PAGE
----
Shortness of breath or becoming easily fatigued with activity is as frequent a complaint as I have ever seen. The most common reason people develop these symptoms is not heart or lung disease, It is…care to guess…deconditioning. The heart is a muscle. Sure it has specific properties that make it a unique muscle but it requires regular activity to maintain its fitness as well. When someone reaches 40 they develop cardiovascular deconditioning more rapidly than when they were younger and it takes longer to regain it. Moreover, it is very difficult to ever exceed the level of fitness you had when you were younger. That is why elite athletes peak in their 20s to 30s. It is clearly the exception when a 40 year old plus athlete can be competitive with someone who is 25. That being said, it does not mean someone cannot maintain cardiovascular fitness with lean muscle mass well into their 40s, 50s, 60s, and beyond.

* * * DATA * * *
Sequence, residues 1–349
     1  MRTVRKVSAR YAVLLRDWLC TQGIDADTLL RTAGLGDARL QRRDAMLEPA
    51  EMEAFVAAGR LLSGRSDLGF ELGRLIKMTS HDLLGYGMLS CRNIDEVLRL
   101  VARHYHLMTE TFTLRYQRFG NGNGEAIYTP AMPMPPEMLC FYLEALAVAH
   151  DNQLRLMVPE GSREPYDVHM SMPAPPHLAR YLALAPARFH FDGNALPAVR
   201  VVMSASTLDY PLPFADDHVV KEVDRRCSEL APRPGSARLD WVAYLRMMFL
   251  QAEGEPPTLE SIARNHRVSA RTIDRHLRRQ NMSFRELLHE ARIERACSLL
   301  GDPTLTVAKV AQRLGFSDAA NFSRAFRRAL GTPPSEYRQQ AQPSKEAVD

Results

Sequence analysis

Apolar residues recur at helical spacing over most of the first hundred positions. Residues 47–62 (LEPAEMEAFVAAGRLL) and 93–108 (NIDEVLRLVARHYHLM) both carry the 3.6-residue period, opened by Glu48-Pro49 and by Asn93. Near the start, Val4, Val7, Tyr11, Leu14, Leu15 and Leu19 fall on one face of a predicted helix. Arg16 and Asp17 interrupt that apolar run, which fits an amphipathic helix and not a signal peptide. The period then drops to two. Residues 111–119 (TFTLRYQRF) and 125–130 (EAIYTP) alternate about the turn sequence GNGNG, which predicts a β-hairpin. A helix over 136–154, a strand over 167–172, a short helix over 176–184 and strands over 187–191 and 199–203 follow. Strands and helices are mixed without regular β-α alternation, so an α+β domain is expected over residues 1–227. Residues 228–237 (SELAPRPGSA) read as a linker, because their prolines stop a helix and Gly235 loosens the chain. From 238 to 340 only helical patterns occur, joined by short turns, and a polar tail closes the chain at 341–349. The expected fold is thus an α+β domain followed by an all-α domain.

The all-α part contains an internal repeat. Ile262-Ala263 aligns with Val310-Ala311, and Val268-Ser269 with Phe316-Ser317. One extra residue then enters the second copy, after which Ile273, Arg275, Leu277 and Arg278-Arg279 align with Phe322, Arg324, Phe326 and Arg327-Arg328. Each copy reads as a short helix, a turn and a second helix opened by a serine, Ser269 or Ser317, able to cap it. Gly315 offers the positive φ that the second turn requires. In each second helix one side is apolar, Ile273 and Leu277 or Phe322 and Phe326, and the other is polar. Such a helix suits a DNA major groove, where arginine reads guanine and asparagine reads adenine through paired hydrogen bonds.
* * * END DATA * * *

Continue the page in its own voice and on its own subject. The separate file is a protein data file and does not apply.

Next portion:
One does not need to pump weights to gain the physical fitness their body requires to be healthy. Resistance training can be performed with free weights and weight machines but many people lack access to this equipment and the knowledge how to perform the exercises properly and safely. One could hire a personal trainer assuming of course they have the disposable income for this expense. In lieu of a gym membership or personal trainer, the next best thing is body weight fitness. This is a form of exercise that uses your own body weight to provide the resistance required to build muscle mass. Think about it, doing push-ups, pull ups, lunges, squats against your own body weight can and does build significant strength and endurance. Herschel Walker, a former professional football player, claimed to have never lifted weights and only did body weight fitness. In his prime he had one of the most chiseled physiques I have seen. A simple Google search for “body weight fitness for the elderly” brings up an abundance of internet sites with all the information you could want to research this very effective way of rebuilding your lean muscle mass and reducing your body fat composition. Improving lean muscle mass should also be complemented with a program to improve cardiovascular conditioning.